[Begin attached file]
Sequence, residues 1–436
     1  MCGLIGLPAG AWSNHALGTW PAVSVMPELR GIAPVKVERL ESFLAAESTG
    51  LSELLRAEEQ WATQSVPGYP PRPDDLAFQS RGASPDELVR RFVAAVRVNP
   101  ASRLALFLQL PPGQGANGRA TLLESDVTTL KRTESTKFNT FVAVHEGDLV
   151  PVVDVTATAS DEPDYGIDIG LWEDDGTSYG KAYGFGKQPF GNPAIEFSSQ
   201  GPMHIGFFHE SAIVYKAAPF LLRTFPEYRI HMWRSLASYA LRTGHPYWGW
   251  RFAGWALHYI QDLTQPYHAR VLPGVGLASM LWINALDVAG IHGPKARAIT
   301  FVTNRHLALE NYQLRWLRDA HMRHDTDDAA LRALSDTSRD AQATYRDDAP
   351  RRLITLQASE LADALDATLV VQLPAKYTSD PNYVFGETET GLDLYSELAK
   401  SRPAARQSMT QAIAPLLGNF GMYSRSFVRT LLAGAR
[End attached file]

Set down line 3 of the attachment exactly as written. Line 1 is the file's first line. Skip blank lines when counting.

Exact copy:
    51  LSELLRAEEQ WATQSVPGYP PRPDDLAFQS RGASPDELVR RFVAAVRVNP